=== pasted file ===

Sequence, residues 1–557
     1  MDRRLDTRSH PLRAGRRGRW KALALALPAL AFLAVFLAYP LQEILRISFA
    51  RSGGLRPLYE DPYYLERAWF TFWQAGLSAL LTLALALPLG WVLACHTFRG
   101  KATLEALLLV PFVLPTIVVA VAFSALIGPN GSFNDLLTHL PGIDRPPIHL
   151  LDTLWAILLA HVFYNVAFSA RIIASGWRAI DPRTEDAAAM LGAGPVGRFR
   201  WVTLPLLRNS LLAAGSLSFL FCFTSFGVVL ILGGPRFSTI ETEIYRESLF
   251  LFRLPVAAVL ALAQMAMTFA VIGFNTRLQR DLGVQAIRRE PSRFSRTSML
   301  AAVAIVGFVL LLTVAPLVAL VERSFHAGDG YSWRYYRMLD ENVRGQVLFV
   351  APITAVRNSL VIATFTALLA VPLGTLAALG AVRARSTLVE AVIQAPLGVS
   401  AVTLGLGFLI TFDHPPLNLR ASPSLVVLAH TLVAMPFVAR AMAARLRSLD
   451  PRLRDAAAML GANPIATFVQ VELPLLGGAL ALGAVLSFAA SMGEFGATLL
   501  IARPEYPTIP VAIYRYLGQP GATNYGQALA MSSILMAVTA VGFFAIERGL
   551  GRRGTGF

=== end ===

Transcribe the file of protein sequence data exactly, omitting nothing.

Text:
Sequence, residues 1–557
     1  MDRRLDTRSH PLRAGRRGRW KALALALPAL AFLAVFLAYP LQEILRISFA
    51  RSGGLRPLYE DPYYLERAWF TFWQAGLSAL LTLALALPLG WVLACHTFRG
   101  KATLEALLLV PFVLPTIVVA VAFSALIGPN GSFNDLLTHL PGIDRPPIHL
   151  LDTLWAILLA HVFYNVAFSA RIIASGWRAI DPRTEDAAAM LGAGPVGRFR
   201  WVTLPLLRNS LLAAGSLSFL FCFTSFGVVL ILGGPRFSTI ETEIYRESLF
   251  LFRLPVAAVL ALAQMAMTFA VIGFNTRLQR DLGVQAIRRE PSRFSRTSML
   301  AAVAIVGFVL LLTVAPLVAL VERSFHAGDG YSWRYYRMLD ENVRGQVLFV
   351  APITAVRNSL VIATFTALLA VPLGTLAALG AVRARSTLVE AVIQAPLGVS
   401  AVTLGLGFLI TFDHPPLNLR ASPSLVVLAH TLVAMPFVAR AMAARLRSLD
   451  PRLRDAAAML GANPIATFVQ VELPLLGGAL ALGAVLSFAA SMGEFGATLL
   501  IARPEYPTIP VAIYRYLGQP GATNYGQALA MSSILMAVTA VGFFAIERGL
   551  GRRGTGF